Compared to Cat 6 cables, Cat 7 cables support much higher bandwidths and much faster transmission speeds; they are much more similar to Cat 6A cables. Cat 7 cables are among the most capable types of Ethernet cables, with a maximum speed of 100Gbps at a distance of 15 meters. Cat 7 cables utilize a modified GigaGate45 connector that is backwards compatible with RJ45 Ethernet ports and are always shielded.

However, that modified GG45 connector is a proprietary part, and although some benefit is provided by backward compatibility, adhering to earlier Ethernet standards still presents challenges. Because of this, most manufacturers decided not to use the Cat 7 standard, which is why it’s so uncommon these days. Due to this challenge, Cat 6a was created, but it also caused a great deal of confusion in the marketplace when some retailers began referring to Cat 6a as the new Cat 7. Prior to making a purchase, always review the specifications. If in doubt, we advise choosing Cat 8 instead.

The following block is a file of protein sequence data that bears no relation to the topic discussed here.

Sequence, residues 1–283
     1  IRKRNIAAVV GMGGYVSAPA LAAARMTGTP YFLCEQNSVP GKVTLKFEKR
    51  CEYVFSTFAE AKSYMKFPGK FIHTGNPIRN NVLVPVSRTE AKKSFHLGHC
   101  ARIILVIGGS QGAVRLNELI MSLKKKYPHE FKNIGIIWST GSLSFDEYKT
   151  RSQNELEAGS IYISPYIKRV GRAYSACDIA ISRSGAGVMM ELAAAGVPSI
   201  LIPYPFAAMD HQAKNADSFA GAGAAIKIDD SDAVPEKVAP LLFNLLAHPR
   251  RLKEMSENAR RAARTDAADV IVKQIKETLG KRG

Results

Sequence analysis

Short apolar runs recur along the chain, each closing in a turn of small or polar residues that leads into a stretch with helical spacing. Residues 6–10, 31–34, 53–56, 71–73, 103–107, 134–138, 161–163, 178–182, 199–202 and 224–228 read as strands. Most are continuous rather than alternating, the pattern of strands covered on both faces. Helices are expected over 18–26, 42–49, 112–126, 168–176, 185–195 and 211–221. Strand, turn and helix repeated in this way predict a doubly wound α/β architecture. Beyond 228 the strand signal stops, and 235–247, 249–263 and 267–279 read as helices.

One of the highest-specification Ethernet cables available is Cat 7a, however it’s not very common and only comes with a limited selection of networking hardware options. Like Cat 207, but with an improvement to the overall bandwidth, the %20207a%20standard%20was%20designed%20to%20support%2040%20Gigabit%20Ethernet%20connections%20up%20to%2050%20meters%20and%20E2%80%94%20more%20than%2050% While Cat 7a cables are significantly more expensive than any other option and do not have the industry support of Cat 8, you can avoid these issues and still benefit from this improvement in certain situations.